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The Clyde Mystery

The following is from The Clyde Mystery by Andrew Lang:

XXXI--Grotesque Heads--Disputed Portuguese Parallels

Figurines are common enough things in ancient sites; by no means so common are the grotesque heads found at Dumbuck and Langbank. They have recently been found in Portugal. Did the forger know that?  Did he forge them on Portuguese models?  Or was it chance coincidence?  Or was it undesigned parallelism?  There is such a case according to Mortillet. M. de Mortillet flew upon poor Prof. Pigorini's odd things, denouncing them as forgeries; he had attacked Dr. Schliemann's finds in his violent way, and never apologised, to my knowledge.

Then a lively squabble began. Italian "archaeologists of the highest standing" backed Prof. Pigorini: Mortillet had not seen the Italian things, but he stood to his guns. Things found near Cracow were taken as corroborating the Breonio finds, also things from Volosova, in Russia. Mortillet replied by asking "why under similar conditions could not forgers" (very remote in space,) "equally fabricate objects of the same form." {127} Is it likely?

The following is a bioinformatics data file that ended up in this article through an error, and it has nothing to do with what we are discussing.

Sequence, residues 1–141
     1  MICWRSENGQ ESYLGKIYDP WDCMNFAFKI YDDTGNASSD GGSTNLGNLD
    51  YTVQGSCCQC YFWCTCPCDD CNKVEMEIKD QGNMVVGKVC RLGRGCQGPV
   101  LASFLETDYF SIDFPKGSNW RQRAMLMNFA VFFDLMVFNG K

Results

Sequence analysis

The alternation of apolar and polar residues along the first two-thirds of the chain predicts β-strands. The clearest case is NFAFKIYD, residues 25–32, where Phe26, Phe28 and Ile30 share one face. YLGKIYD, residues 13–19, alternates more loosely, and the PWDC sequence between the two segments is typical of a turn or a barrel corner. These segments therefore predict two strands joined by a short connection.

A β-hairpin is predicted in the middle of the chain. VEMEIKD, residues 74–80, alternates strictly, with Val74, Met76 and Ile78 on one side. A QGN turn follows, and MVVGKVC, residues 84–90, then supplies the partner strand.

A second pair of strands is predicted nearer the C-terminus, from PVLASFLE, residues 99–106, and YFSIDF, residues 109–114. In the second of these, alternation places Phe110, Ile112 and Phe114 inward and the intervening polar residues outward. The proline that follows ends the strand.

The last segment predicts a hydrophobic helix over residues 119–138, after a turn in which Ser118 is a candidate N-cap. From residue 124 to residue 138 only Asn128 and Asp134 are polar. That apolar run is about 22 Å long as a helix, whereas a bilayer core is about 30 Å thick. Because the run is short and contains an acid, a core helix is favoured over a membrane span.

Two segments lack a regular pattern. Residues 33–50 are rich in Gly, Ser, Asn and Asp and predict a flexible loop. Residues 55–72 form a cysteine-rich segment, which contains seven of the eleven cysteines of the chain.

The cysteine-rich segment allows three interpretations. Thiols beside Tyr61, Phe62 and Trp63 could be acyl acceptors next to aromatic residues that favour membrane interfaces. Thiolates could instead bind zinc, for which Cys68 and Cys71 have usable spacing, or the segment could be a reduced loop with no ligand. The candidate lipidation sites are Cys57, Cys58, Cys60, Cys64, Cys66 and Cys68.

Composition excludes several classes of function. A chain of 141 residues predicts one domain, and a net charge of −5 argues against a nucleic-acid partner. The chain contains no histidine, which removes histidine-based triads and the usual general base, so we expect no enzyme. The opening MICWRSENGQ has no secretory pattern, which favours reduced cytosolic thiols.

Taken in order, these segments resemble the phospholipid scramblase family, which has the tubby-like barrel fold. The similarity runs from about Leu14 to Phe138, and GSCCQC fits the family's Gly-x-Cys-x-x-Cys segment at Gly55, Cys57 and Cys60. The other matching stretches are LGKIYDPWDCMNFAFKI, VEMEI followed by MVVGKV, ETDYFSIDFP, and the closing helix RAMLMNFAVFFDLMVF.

Why should they forge similar unheard-of things in Russia, Poland, and Italy?  Did the same man wander about forging, or was telepathy at work, or do forging wits jump?  The Breonio controversy is undecided; "practised persons" can not "read the antiquities as easily as print," to quote Mr. Read. They often read them in different ways, here as fakes, there as authentic.

M. Boulle, reviewing Dr. Munro in L'Anthropologie (August, 1905), says that M. Cartailhac recognises the genuineness of some of the strange objects from Breonio.

But, as to our Dumbuck things, the Clyde forger went to Portugal and forged there; or the Clyde forger came from Portugal; or forging wits coincided fairly well, in Portugal and in Scotland, as earlier, at Volosova and Breonio.